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[efiwebheads] One refugee's story

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  • Vance Stevens
    I thought this story is relevant to our discussions of Kosovo. Vance If I Could Not Talk, Nobody Would Know By Peter Finn Washington Post Foreign Service
    Message 1 of 1 , Jun 6, 1999
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      I thought this story is relevant to our discussions of Kosovo.

      Vance

      'If I Could Not Talk, Nobody Would Know'
      By Peter Finn

      Washington Post Foreign Service
      Sunday, April 18, 1999; Page A1

      TIRANA, Albania – In an empty farm shed in the southern Kosovo village
      of
      Velika Krusa, Selami Elshani asked one of the Serbian paramilitaries
      standing in front of him and 14 other ethnic Albanian men if he had
      children.
      "Yes," the Serb replied.
      "Please think about our children," pleaded Elshani.
      The paramilitary, carrying an automatic rifle and wearing a light green
      uniform with white epaulets and "Policija" written in white letters on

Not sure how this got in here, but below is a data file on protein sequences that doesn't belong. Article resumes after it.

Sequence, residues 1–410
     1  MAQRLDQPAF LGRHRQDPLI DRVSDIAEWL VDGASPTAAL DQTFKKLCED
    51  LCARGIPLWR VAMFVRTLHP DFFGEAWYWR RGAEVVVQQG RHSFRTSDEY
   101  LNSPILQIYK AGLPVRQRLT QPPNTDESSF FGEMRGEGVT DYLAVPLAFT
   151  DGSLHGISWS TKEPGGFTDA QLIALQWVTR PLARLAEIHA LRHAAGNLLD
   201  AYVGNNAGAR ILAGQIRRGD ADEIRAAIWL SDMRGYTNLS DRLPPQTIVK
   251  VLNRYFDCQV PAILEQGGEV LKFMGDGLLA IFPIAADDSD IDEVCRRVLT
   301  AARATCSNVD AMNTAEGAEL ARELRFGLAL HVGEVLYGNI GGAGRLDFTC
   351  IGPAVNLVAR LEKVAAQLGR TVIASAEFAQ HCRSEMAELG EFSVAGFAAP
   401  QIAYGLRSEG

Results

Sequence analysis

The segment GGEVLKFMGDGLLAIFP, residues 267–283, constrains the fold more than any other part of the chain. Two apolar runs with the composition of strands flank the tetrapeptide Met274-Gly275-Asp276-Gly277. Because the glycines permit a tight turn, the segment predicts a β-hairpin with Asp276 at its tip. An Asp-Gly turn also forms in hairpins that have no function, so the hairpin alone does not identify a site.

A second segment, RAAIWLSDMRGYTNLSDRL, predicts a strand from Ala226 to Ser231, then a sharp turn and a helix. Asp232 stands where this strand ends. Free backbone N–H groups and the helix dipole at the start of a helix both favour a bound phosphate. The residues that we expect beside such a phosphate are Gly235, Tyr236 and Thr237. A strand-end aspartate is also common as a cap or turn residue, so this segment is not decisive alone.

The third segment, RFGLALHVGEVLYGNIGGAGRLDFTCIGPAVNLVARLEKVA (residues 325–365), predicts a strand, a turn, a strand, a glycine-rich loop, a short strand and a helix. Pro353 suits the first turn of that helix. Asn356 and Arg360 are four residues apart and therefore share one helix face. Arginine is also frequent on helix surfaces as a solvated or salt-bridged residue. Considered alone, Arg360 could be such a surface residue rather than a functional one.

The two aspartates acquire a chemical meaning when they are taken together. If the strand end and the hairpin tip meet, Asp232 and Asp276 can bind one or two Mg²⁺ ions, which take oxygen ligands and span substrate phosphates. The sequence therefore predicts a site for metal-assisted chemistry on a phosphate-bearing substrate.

his
      back, shook his head and said, "It doesn't interest me."
      Another paramilitary said, "Let's start."
      Within moments, 14 of the 15 men were dead, all except Elshani. The
      Serbs
      threw straw on the pile of bullet-riddled corpses, doused them with
      gasoline
      and set them on fire.
      Three weeks later, in Tirana's Central University Hospital, Elshani
      eased
      himself into a sitting position using his elbows to avoid leaning on his

      heavily bandaged hands. When unbandaged, his face, once angular and
      bronzed,
      appeared destroyed: lips reduced to pus and scabs; bloody sores bubbling

      from his singed hair to under his chin; cheeks dried white and black;
      bandages, streaked red by blood and yellow by iodine, wrapping his
      forehead.
      Elshani grimaced as he rose from the bed. But he was determined. He had
      a
      story to tell: how 14 men were executed in cold blood. How their blood
      trickled down his face as he dared not breathe. How he smelled the
      gasoline
      when a paramilitary brought it into the room. How he burned.
      And how he survived.
      "God saved me to come out and tell," said Elshani, 37.
      In a bed where seepage from his wounds streaked the sheets with blood,
      in a
      cinder-block hospital where the pink and green walls were rotting and
      peeling, in a city of refugees and garbage and dust, Elshani was perhaps
      the
      most fortunate and the most cursed of the displaced.